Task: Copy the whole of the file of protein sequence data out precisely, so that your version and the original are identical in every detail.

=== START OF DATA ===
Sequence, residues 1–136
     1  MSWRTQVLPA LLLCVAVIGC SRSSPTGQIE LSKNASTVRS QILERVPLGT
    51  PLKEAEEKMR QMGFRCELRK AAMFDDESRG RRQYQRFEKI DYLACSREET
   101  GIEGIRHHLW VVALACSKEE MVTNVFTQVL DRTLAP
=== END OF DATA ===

Sequence, residues 1–136
     1  MSWRTQVLPA LLLCVAVIGC SRSSPTGQIE LSKNASTVRS QILERVPLGT
    51  PLKEAEEKMR QMGFRCELRK AAMFDDESRG RRQYQRFEKI DYLACSREET
   101  GIEGIRHHLW VVALACSKEE MVTNVFTQVL DRTLAP